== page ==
Monday, March 16, 2015

From Humble Beginnings: Utah State University

Original article published Mar 5, 2013 by Utah State Today




On July 2, 1862, just one day after our nation suffered the combined losses and casualties of 36,058 men in the Seven Days Battle during the Civil War, President Abraham Lincoln quietly signed a piece of legislation that would forever change the way Americans thought about education. The Morrill Land-Grant Act called for socio-economic equality in higher education. Through the sale and use of federal lands, institutions of higher education that were affordable and had a solid base in applicable practicum were established, President Lincoln enabled a wounded nation to heal herself through hard work and education.

Just 25 years after the Morrill Act set the stage for land-grant institutions to be established throughout the nation, the Utah Agriculture College was founded and designated to reside in Logan. In the past 125 years, a lot has changed for the school with its plowed fields that overlooked Cache Valley. Along with name changes and expanded facilities, that small school’s reach is now state wide, with one comprehensive regional college (USU Eastern campuses in Price and Blanding), three regional campuses (Brigham City, Tooele, Uintah Basin) and 34 Extension offices — including the USU Botanical Center and Swaner Preserve and EcoCenter.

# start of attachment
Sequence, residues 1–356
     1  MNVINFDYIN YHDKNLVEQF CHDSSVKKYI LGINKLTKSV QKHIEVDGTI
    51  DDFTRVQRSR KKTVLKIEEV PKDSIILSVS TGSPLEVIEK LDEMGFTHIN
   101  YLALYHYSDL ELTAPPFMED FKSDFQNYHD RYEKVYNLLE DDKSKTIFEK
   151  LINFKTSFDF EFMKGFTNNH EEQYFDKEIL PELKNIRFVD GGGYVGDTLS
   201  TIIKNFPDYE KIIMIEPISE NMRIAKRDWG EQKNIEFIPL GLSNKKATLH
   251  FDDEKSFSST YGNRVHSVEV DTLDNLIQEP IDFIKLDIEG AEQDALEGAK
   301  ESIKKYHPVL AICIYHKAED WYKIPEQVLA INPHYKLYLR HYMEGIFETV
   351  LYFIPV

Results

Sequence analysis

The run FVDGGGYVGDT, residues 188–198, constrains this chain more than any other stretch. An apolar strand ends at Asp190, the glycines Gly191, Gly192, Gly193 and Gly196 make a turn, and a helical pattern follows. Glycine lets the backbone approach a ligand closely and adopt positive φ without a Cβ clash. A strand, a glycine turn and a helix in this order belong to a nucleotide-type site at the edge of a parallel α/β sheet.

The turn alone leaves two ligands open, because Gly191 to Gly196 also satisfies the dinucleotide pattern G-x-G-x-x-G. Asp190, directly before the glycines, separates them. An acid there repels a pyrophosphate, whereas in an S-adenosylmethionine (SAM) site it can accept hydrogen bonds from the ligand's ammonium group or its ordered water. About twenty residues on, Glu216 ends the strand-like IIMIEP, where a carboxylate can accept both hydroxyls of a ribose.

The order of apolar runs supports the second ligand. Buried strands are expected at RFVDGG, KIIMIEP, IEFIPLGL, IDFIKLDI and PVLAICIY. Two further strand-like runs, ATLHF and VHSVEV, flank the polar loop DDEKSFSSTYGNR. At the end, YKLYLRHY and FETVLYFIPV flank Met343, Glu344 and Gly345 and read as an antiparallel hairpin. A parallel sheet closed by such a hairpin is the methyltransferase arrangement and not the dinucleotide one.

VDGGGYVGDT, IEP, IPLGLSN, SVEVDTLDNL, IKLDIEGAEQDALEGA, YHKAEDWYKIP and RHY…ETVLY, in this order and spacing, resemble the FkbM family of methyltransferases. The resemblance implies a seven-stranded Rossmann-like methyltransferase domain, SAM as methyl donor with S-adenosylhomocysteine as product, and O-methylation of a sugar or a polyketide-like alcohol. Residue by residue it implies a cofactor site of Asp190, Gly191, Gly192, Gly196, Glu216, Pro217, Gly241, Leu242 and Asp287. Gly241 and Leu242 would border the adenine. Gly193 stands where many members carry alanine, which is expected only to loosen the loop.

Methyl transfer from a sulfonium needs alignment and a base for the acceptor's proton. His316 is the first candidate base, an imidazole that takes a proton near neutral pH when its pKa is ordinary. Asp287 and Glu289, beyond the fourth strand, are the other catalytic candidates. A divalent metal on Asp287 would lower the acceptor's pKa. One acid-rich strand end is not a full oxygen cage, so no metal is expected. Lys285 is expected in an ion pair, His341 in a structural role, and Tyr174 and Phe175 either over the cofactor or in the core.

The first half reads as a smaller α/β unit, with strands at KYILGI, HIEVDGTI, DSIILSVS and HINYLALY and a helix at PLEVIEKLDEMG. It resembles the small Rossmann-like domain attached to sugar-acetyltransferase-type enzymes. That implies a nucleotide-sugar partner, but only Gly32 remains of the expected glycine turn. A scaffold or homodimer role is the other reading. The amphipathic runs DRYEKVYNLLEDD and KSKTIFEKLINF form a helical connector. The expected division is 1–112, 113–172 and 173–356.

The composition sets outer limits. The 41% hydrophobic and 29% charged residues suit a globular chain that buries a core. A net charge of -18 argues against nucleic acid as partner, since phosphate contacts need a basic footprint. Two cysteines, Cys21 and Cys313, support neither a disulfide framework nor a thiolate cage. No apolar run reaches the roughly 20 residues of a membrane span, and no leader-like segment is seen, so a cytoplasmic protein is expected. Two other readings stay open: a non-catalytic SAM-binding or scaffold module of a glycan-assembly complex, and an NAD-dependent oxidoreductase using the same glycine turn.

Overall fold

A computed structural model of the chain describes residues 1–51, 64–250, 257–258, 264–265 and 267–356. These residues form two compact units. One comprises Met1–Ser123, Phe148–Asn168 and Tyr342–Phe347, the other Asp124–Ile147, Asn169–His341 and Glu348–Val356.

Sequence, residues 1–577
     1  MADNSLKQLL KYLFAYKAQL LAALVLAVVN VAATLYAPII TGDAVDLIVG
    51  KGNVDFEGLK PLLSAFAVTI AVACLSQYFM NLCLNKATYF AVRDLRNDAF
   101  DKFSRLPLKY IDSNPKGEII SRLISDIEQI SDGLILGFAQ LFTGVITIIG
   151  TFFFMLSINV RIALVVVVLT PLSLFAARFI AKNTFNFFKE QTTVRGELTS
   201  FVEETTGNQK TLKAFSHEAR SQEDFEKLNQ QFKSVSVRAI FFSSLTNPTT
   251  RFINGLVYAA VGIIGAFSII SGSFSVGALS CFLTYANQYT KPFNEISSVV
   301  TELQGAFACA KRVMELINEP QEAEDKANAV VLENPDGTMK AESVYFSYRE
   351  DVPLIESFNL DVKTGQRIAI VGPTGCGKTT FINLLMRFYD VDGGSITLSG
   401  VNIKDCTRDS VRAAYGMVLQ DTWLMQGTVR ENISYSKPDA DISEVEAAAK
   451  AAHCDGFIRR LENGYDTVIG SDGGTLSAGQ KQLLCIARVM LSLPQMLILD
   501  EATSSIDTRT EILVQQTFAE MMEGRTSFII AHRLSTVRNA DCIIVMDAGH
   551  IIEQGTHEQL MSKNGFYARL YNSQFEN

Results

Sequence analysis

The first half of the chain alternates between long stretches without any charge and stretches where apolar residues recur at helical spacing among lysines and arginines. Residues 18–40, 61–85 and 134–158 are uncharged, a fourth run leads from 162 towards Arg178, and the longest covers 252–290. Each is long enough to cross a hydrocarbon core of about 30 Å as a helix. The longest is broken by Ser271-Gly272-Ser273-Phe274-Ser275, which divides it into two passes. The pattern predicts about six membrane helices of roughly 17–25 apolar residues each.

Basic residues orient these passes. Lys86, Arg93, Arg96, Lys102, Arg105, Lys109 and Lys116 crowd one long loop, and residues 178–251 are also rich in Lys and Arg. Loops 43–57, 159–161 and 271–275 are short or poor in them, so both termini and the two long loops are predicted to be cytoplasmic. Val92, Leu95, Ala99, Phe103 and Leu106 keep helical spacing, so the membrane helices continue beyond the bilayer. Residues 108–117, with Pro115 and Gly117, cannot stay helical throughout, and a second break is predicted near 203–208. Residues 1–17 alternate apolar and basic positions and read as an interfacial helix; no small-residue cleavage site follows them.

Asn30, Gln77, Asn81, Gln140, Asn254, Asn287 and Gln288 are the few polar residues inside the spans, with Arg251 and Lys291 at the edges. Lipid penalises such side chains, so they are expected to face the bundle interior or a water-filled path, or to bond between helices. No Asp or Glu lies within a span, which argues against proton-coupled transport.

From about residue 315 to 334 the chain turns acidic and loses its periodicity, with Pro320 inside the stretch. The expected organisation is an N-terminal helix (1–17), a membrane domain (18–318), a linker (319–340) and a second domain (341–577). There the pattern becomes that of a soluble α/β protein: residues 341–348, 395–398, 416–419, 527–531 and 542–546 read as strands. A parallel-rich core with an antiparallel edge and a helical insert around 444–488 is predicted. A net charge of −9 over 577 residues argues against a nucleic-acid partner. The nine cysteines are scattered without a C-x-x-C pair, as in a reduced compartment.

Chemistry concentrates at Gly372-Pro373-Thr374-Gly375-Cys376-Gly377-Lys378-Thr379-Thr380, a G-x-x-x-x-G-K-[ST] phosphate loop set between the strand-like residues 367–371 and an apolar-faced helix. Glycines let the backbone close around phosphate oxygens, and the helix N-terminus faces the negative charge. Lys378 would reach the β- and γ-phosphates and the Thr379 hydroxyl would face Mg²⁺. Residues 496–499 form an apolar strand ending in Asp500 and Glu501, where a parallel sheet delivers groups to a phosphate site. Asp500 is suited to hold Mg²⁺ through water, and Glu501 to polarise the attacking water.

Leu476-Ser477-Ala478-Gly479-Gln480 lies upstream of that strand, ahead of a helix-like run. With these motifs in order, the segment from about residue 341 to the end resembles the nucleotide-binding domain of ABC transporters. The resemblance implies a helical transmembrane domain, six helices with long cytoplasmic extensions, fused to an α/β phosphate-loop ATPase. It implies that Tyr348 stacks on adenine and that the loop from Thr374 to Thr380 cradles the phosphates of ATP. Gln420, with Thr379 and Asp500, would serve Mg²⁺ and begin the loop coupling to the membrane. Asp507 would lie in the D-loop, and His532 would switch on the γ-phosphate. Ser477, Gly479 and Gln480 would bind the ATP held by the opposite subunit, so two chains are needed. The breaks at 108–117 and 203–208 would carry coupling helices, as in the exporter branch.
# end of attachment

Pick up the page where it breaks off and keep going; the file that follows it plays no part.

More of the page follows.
Founded by the Utah Territorial Assembly on March 8, 1888, the Utah Agriculture College opened its educational doors Sept. 2, 1890. At its humble beginnings in the south wing of Old Main, Utah’s land-grant college included 139 students and nine faculty members.

Here’s a social and educational look at the school’s earliest days.

  • There was a Preparatory Department to equip students for the rigors of college courses
  • The minimum age requirement for Preparatory work was 13; 15 for college credit
  • There were five major courses of college instruction offered, including AgricultureDomestic ArtsMechanic ArtsCivil Engineering and Business
  • On admission, there was a $5 entrance fee; tuition was free
  • There were mandatory non-sectarian weekly chapel exercises
  • Also mandatory was military drill for men and women — women could opt for elocution and physical culture
  • The first Thanksgiving Day football game inaugurated between the University of Utah and the college took place in 1894 and the Aggies won 12 to 0
  • Twelve students formed the first graduating class in 1884

Today, in 2015, the university will again celebrate its Founders Day March 6. As part of the 2013 celebration, USU’s University Library assembled an exhibit that showcased prominent but, perhaps, not well known students through the decades.

Ten students, representing decades from the 1890s to the 1990s, were highlighted. Extensive narratives on each student were included in the exhibit at the Merrill-Cazier Library’s atrium. Highlighted below are snapshots of the students and their accomplishments.

The 1890s — Thomas Hyrum Humphreys. Born in 1874, Humphreys received his early schooling in the pioneer Bear Lake settlement of Paris, Idaho. He entered the Preparatory Department at the Utah Agricultural College in 1892 and graduated with a degree in civil engineering in 1897. He characterized his college career as consisting “chiefly of hard work.” He earned a degree in 1897 and the hard work paid off. He began his career with the newly created U.S. Reclamation Service in 1903, advancing quickly through the ranks, being appointed project engineer on the Klamath and Orland projects, two of the Reclamation Service’s earliest water development projects. He returned to Cache Valley for several decades, but returned to federal service as director of the Public Works Reserve in 1944 before retiring to Logan.